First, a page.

Benedict Cumberbatch stars as the arrogant neurologist turned powerful sorcerer in the majestic, visually-stunning superhero origin movie ‘Doctor Strange’.
The latest chapter in the Marvel Cinematic Universe (MCU) moves away from the blockbuster action genre we are accustom to seeing, and instead go down a path of magic and illusion.
Directed by Scott Derrickson (Sinister) and produced by Marvel’s ever present Kevin Feige, we meet the amazing yet self-indulgent Doctor Stephen Strange (Cumberbatch) who is more interested in his own ego then other people’s lives.
This is a role in which we have never seen Cumberbatch like this on screen before. His adaptation of Sherlock Holmes likes to show off, but at least he shows his compassionate side. Strange in comparison can only be described as an a****** who is good at his job and has a lot of money, a bit like a certain Tony Stark (better watch your back Robert Downey Jr).
When we see him involved in a horrific car accident which shatters the nerves in his beloved hands and ends his neurology career; he only wants one thing, to get healed and return to work, even if that means pushing away co-worker and former lover Christine Palmer (Rachel McAdams).
Our injured yet ignorant hero embarks on a trip to Kathmandu, Nepal and meets the Ancient One (Tilda Swinton).
Swinton delights as the bald-headed sorceress, and after showing Strange the power she possesses, she agrees to teach him, despite his apparent ego that casts a forever growing shadow.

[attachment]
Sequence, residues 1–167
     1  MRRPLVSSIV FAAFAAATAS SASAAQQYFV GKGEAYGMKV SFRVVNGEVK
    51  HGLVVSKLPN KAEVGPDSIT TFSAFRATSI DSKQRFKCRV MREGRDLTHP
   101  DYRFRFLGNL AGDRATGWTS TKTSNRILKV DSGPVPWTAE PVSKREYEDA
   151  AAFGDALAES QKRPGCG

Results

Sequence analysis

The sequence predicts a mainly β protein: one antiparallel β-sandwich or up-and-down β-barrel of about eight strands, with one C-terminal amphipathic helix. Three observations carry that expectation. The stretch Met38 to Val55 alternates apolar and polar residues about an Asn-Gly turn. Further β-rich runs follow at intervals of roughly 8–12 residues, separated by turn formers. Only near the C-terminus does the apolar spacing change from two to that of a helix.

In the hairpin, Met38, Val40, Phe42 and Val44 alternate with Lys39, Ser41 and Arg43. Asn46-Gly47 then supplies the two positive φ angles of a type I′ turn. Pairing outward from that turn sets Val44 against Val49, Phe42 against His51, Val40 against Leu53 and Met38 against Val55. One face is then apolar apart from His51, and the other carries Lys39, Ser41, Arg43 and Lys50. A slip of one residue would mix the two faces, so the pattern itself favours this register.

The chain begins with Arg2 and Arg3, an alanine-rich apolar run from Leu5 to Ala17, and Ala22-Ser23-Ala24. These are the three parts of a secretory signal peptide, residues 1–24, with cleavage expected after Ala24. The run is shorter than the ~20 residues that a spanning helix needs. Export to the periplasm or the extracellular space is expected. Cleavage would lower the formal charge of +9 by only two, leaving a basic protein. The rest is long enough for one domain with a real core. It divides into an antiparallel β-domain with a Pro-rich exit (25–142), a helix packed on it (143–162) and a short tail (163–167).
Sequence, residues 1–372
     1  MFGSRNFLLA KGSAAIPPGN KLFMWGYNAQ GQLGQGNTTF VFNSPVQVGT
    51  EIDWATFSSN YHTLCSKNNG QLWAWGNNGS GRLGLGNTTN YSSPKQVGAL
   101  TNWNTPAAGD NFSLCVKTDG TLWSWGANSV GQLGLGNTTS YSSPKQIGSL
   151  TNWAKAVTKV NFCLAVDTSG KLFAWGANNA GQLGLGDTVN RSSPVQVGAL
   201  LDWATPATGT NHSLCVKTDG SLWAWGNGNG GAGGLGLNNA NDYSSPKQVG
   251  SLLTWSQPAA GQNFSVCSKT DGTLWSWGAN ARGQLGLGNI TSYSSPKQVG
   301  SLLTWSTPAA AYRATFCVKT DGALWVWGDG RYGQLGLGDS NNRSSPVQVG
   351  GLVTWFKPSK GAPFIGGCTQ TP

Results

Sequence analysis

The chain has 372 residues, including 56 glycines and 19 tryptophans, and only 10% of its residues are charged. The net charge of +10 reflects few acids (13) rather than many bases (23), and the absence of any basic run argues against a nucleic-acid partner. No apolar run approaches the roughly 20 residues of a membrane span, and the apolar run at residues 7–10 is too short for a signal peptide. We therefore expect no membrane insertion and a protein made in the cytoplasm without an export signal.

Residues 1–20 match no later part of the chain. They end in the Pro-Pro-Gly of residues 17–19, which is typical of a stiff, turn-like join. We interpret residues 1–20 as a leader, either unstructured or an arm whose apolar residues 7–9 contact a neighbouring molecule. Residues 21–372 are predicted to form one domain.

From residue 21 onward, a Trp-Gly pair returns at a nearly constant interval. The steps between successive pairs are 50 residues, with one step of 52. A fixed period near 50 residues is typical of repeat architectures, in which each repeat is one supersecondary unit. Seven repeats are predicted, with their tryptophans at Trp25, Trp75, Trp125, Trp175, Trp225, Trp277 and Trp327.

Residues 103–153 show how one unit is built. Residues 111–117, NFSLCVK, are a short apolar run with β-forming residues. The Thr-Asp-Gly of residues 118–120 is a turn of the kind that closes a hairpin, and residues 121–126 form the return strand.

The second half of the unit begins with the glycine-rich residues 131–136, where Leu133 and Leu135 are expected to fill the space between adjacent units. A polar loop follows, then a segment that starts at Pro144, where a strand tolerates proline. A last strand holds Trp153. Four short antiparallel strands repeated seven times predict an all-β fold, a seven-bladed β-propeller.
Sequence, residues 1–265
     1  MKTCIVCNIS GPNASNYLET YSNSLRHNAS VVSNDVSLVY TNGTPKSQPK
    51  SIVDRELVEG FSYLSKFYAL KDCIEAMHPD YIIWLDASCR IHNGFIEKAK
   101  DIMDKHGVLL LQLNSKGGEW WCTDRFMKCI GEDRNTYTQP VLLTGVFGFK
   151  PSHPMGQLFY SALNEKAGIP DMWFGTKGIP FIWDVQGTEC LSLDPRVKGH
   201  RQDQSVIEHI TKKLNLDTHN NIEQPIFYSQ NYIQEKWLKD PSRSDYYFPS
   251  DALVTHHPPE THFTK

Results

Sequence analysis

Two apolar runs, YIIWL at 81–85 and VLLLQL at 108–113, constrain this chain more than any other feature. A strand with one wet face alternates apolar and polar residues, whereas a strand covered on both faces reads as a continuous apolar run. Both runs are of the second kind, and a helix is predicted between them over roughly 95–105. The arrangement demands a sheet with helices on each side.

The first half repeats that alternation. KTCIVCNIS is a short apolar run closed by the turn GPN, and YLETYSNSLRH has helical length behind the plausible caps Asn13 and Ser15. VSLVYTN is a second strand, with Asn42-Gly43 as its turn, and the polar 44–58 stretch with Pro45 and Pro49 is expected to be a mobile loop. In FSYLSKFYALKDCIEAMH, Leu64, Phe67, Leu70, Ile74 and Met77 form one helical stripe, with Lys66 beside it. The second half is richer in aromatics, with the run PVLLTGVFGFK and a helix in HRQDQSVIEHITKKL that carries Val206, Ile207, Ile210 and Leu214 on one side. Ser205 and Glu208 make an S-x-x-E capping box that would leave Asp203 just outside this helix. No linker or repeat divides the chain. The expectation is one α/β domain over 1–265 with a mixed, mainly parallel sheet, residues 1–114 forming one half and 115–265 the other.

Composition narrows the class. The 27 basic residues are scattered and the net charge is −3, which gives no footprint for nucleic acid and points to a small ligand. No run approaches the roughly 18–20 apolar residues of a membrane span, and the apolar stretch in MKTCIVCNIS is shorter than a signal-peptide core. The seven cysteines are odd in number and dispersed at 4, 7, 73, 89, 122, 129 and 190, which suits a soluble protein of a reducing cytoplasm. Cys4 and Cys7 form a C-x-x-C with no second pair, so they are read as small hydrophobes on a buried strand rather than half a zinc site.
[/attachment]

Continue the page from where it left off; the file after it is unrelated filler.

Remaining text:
Strange’s allies on screen also add to the many positives of the movie. Chiwetel Ejiofor as Mordo and Benedict Wong as (coincidentally) Wong bring heart and humour to the story.
It’s like a 15th century temple full of meditating butt-kicking monks, who read ancient books, and use staffs as weapons. But with wifi! Like Mordo says”We aren’t savages!”
About a third into the film we are all exposed to a extremely trippy trip through the multiverse, in a scene we can only kinda compare to 2001: A Space Odyssey. It is really something to behold and admire.
Then there’s the folding of the buildings, which instantly makes one think Inception, the 2010 thriller by Christopher Nolan. Again, it’s impressive but not original.
Mads Mikkelsen does his best to be the threatening Kaecilius. 10 years ago he was playing cards with Daniel Craig in Casino Royale as Le Chiffre, where he also tried his best to be a menacing bad guy. But in both movies he gets underused. More screen-time and character development could have really made him a menacing marvel villain.
The action sequences are, as is the norm with Marvel blockbusters, big and explosive. Buildings are turned and twisted inside out, with New York City turning into what can only be described as a giant monopoly board at one point.
Strange’s two weapons are the Cloak of Levitation, a garment with a mind of its own, and the Eye of Agamotto, a medallion that allows him to reverse time. Not quite the hammer of Asgard or a shield made out of Vibranium, but definitely affective.
Overall, Doctor Strange is arguably the strongest origin movie in the 14-strong film franchise since Captain America: The First Avenger. It more importantly adds a new dimension to what is already a much widened MCU. It’s almost been a decade since Iron Man came out in cinemas, and since then we already have had the Avengers, space pirates (Guardians of the Galaxy) and now magic sorcerers.
Where does this behemoth of a franchise go from here?